where are you from, how long have you been illustrating?
I grew up in Mississauga, just outside Toronto. I did one semester at OCAD before I moved to L.A. and studied at Art Center in Pasadena. I graduated in '98 and basically was working right out of school so I'd say I've been doing this for 11 years or so now.
how does teaching at OCAD help you personally as an illustrator?
It gets me out of the studio! I tend to wind up working indefinitely unless I've got obligations and teaching a class gives me a reason to get out. It's nice to see people and get some sunshine, and be around people who are enthusiastic and energetic about their work.
what are you loving about illustration right now?
That companies and ad campaigns are using illustration a tonne. I feel like I'm seeing a lot more illustration out in the world and, whether it's decent work or not, that's a good thing. And I'm also impressed these days with the entrepreneurial spirit that I'm seeing illustrators exhibit. Branching out into clothes and toys and all these other divergent markets, it's great to see. And with all the crazy tools at our disposal now, I'm seeing illustrators doing it ALL themselves from the ground floor: marketing, advertising, distribution. Everything. That's awesome.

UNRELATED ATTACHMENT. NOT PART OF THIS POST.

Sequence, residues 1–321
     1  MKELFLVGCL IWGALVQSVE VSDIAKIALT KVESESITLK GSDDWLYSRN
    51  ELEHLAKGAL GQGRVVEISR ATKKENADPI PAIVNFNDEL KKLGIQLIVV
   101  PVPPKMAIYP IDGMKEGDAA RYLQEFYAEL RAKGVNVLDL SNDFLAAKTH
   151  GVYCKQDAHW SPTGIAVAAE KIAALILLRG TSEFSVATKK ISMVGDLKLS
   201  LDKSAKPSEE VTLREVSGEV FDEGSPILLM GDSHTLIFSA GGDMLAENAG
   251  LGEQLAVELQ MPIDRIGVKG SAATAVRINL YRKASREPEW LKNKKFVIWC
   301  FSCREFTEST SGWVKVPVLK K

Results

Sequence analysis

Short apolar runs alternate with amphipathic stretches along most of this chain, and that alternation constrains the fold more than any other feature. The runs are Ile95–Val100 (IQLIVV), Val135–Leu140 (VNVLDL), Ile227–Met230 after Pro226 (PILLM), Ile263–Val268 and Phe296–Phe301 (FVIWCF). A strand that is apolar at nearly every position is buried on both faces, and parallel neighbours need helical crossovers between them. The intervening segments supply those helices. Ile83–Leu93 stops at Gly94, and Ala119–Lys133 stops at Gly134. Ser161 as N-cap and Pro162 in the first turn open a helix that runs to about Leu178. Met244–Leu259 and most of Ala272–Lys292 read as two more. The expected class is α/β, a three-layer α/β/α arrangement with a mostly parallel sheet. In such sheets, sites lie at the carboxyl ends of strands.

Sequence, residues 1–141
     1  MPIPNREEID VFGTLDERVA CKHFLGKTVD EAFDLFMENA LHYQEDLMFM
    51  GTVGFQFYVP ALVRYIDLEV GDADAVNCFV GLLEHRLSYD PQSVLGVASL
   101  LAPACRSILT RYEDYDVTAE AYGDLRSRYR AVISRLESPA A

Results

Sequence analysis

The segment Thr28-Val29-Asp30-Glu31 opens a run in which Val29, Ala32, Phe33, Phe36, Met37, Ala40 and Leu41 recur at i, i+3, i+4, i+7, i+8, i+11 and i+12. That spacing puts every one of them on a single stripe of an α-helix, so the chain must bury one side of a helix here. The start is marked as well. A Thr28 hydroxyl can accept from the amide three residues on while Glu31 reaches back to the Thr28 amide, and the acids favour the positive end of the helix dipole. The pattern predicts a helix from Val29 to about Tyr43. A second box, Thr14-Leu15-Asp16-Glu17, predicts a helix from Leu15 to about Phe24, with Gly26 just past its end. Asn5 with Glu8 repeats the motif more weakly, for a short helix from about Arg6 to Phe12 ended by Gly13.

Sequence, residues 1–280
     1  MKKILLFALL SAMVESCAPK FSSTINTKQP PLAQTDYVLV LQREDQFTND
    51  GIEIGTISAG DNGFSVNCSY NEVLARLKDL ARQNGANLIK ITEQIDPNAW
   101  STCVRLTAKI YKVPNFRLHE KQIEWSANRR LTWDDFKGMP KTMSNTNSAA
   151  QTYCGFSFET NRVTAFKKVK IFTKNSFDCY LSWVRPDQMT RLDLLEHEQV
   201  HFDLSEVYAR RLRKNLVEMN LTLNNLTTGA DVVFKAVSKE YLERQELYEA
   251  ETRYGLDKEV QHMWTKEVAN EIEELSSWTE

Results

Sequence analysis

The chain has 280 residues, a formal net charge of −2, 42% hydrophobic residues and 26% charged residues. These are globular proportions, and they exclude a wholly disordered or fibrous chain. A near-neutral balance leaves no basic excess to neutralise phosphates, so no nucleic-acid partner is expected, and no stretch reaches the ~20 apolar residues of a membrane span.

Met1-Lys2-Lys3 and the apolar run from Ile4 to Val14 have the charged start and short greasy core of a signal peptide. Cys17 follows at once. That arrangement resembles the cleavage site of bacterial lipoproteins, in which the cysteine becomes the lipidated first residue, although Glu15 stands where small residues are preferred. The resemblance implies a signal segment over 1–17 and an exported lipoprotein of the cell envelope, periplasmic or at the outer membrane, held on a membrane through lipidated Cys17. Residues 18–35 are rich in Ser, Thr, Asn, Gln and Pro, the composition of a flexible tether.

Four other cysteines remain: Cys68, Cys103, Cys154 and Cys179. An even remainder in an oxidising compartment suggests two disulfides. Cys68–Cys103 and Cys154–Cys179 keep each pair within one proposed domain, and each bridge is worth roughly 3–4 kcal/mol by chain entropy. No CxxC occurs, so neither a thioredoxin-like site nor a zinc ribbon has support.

where do you see your work going in the future?
I've been working on a lot more advertising jobs then editorial ones recently and I guess I don't really see that trend ending in the next while. I'm also pretty passionate about motion graphics and I'd like to dive into that world some day.
how do you get such crazy perspectives in your work?
I think by not limiting myself to safe, easy ideas in the early ideation stages of a piece by thinking "how am I going to make this work?" I try to come up with the best solution I can and then worry about executing it after so that I don't write off good ideas before they get a chance. Studying the work of the artists and designers of previous generations hasn't hurt me, either. When I get stuck, I can reference some ridiculously talented, brilliant old designer and try the "what would he/she do?" approach.
any advice for new illustrators trying to make it in?
Don't expect to be doing full page pieces for national magazines within your first month out of school. It takes longer than you'd think and you're going to have to pay your dues. Don't sell yourself and your industry short by doing work on spec or under abusive contracts. Strive to be original because taking the short-cut approach of trying to mimic someone else's style is only going to hurt you in the long run.
any advice for older / established ones?
If they're established, they've got it figured out for themselves already! I wouldn't presume there's anything I could offer them in terms of advice.
all images copyright Tavis Coburn - check out his site: http://www.taviscoburn.com
there is SO MUCH good stuff on there!